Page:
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The Million Dollar Quartet weren't a group in any normal sense, but were initially more of a photo opportunity and then a freewheeling after-hours jam session between Elvis Presley, Carl Perkins, Jerry Lee Lewis, and Johnny Cash that took place at Sam Phillips' Sun Studios in Memphis on December 4, 1956. It was formally a Carl Perkins session, with Jerry Lee Lewis sitting in as the piano player. At some point Presley and Cash stopped by to observe, and Phillips, recognizing a photo op when he saw one, called a local news photographer, who snapped a photograph of the four musicians gathered around a piano.

The picture ran the next day in the Memphis Press-Scimitar with the caption "The Million Dollar Quartet." The Perkins session morphed into an impromptu jam after the photographer left, and Phillips fortunately kept the tape running as the four musicians ran through some 40 songs ranging from gospel spirituals and country standards to covers of Bill Monroe and Chuck Berry songs (or in other words, most of the ingredients that went into the creation of rock & roll). There is some debate as to whether Cash was actually there for the jam (he claims he was in his autobiography), and most of the singing is Presley's, but the joyous spontaneity and the fly-on-the-wall feel of the occasion makes these tapes fascinating listening.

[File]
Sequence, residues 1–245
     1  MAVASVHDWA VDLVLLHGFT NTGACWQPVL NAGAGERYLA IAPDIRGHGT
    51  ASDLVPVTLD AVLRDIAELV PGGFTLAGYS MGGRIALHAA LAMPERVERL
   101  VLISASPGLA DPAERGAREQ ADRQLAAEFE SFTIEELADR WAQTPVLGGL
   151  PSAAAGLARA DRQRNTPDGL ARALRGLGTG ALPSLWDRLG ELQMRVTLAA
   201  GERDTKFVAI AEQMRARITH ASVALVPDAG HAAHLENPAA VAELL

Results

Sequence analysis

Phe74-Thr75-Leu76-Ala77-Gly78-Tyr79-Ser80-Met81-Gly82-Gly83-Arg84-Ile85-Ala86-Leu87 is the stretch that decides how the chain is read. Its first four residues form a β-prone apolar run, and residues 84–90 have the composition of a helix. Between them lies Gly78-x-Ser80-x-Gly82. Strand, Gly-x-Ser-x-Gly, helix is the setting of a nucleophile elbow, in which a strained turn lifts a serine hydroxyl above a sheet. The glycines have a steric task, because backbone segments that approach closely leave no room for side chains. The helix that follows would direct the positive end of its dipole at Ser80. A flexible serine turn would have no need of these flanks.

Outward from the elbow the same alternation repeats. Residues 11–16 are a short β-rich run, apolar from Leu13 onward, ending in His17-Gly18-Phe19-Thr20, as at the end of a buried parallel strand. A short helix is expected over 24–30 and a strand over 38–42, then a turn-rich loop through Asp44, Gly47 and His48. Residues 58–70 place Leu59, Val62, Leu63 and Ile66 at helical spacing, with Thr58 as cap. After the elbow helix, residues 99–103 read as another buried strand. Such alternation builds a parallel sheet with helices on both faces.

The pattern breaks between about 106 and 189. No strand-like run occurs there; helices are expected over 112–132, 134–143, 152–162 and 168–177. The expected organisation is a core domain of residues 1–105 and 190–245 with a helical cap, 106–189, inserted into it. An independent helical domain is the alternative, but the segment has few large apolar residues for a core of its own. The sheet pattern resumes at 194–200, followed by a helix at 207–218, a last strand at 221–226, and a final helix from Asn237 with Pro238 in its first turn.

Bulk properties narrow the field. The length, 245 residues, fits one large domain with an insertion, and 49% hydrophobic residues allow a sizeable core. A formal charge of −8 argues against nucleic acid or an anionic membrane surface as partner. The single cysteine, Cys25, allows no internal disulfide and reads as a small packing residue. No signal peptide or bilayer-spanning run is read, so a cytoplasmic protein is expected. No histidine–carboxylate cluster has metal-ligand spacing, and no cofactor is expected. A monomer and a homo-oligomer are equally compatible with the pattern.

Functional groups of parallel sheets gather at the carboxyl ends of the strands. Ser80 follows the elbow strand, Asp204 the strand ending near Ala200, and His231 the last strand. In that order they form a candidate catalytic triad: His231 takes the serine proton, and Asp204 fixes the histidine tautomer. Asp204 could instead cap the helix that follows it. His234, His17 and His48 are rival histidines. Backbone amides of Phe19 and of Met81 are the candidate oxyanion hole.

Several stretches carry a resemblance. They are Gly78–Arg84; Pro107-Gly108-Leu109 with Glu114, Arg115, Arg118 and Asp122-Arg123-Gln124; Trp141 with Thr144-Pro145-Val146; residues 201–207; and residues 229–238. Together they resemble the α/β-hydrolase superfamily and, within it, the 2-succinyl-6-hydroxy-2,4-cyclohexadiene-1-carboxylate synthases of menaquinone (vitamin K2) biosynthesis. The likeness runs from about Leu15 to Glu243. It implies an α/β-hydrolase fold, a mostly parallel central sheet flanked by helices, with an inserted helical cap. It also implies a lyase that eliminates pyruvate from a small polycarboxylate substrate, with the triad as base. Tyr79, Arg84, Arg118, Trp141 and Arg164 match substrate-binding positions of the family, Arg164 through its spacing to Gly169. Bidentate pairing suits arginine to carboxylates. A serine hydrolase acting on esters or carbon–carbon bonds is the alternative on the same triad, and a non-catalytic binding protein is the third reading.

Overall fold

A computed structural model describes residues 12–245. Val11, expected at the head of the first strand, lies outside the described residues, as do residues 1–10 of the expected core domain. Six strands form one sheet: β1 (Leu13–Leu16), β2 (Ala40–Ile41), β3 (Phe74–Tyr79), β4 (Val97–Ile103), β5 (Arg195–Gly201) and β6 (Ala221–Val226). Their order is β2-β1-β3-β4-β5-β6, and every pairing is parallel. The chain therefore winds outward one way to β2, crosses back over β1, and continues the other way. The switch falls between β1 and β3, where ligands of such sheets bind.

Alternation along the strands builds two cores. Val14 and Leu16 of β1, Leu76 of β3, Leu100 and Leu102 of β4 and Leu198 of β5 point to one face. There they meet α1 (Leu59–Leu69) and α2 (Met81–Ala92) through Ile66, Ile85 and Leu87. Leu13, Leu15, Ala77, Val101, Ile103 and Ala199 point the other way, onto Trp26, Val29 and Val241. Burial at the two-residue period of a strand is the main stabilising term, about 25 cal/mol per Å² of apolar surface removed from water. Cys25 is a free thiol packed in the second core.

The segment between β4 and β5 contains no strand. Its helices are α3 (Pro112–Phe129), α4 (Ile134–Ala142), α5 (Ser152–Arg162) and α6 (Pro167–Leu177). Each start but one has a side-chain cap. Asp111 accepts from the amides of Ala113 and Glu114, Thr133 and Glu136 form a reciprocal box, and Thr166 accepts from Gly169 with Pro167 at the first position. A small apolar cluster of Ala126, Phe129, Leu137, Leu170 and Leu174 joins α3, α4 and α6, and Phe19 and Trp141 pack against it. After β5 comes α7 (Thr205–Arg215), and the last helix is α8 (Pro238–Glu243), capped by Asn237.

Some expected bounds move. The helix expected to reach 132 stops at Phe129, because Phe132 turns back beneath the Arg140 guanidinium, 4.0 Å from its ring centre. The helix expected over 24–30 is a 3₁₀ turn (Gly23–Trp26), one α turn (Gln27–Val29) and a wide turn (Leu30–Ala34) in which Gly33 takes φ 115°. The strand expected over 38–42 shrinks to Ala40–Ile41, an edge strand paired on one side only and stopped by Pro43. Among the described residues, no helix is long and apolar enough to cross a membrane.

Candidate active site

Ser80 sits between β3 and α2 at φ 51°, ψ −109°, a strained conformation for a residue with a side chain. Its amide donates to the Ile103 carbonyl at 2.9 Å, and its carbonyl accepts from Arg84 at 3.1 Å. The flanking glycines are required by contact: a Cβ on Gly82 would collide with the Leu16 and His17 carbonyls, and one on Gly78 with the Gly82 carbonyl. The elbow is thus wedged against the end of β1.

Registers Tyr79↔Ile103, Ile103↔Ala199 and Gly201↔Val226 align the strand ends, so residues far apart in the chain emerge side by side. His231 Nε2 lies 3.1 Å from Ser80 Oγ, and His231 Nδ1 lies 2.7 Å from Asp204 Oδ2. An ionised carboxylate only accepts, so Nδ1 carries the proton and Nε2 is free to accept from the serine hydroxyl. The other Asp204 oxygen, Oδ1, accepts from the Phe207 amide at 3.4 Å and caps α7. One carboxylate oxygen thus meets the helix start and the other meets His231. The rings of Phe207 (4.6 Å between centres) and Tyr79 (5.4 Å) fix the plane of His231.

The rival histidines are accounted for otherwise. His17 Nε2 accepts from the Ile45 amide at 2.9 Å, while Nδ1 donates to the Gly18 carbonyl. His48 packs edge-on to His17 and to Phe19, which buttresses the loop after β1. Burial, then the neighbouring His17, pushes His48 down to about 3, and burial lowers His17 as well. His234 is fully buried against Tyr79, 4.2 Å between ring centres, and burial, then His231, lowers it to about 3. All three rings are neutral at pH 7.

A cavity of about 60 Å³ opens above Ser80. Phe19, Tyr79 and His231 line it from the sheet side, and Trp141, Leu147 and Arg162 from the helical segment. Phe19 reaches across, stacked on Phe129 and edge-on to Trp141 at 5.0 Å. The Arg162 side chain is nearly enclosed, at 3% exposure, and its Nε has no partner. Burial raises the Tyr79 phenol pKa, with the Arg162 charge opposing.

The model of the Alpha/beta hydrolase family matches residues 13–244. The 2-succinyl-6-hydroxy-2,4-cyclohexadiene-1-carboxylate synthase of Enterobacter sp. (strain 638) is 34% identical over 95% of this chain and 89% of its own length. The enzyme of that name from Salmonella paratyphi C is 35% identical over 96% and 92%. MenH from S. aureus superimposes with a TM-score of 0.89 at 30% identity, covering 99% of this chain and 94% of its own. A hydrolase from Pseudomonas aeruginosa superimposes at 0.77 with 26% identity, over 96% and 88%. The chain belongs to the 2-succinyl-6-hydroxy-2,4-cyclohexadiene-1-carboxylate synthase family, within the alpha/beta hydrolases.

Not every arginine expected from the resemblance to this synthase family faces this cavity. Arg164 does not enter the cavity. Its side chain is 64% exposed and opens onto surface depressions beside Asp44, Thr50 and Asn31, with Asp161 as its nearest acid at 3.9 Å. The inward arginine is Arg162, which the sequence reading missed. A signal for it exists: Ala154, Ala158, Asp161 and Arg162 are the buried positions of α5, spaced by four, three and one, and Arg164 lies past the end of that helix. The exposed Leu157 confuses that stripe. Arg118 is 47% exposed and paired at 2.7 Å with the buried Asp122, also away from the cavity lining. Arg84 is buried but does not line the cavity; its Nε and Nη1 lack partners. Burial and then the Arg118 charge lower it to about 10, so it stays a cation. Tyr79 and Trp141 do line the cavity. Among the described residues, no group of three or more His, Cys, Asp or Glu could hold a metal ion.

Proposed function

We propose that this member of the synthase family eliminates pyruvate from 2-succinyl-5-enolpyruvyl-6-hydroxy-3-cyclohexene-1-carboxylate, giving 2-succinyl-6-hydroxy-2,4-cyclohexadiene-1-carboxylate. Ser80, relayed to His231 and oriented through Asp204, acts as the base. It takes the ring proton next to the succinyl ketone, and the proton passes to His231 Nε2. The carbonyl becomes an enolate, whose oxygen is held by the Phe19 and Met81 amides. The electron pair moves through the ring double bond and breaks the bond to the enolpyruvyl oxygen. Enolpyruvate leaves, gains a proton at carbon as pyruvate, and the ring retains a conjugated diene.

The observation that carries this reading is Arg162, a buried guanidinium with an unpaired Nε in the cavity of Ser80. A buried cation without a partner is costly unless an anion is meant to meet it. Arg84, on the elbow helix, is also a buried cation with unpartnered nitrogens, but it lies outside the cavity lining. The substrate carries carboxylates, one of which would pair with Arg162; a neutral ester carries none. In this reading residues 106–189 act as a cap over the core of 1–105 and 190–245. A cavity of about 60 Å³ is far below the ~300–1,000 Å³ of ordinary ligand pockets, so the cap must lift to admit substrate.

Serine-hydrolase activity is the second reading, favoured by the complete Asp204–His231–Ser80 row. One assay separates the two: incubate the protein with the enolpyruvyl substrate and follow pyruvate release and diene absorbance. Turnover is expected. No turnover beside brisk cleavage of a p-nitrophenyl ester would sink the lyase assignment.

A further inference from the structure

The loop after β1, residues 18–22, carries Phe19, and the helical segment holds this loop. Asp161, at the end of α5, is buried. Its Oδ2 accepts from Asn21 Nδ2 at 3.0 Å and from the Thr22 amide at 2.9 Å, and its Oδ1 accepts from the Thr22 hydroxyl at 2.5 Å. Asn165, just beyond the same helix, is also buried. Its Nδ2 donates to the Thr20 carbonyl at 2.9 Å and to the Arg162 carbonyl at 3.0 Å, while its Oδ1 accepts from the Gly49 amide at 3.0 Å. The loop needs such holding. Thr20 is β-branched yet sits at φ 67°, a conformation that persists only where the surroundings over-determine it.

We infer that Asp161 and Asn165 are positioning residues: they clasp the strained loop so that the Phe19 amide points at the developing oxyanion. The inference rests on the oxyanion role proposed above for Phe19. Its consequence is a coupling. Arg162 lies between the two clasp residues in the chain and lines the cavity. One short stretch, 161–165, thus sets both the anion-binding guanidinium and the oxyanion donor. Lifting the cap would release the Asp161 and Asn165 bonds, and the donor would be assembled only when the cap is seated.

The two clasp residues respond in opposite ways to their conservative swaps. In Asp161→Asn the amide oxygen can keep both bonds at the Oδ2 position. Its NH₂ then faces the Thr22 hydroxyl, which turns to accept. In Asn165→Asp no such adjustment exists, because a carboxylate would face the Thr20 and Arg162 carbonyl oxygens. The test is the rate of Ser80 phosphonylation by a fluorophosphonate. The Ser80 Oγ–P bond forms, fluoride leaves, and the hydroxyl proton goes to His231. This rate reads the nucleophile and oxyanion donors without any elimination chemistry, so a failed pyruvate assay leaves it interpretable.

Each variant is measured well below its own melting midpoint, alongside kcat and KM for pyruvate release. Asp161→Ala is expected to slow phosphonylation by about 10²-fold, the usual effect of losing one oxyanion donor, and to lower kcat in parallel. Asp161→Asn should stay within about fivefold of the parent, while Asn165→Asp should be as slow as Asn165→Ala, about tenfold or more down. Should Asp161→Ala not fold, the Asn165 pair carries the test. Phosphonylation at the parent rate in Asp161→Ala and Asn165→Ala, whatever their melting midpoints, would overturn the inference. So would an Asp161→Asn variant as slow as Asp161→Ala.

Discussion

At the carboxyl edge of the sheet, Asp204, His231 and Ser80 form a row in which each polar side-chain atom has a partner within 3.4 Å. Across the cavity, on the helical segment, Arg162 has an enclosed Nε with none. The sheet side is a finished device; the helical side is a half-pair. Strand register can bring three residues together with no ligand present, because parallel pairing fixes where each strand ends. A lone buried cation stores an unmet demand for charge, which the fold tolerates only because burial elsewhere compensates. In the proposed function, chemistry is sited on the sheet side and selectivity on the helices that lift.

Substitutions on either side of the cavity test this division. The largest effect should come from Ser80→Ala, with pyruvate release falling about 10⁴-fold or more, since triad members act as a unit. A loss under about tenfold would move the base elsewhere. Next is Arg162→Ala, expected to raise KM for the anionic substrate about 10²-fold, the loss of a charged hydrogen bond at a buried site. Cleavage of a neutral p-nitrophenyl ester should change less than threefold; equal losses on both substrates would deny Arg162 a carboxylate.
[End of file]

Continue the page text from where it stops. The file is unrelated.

The first bootlegs of the session appeared in 1980, with Charly Records officially releasing a 17-song set in 1981. More tapes were subsequently found (in all, three reels have been located to date) and Charly issued a double-LP set with 41 tracks from the session in 1987. The caption from the publicity photo, the Million Dollar Quartet, has stood the test of time and is now forever linked to these four musicians and to one of the most famous jam sessions in the history of pop music. ~ Steve Leggett, Rovi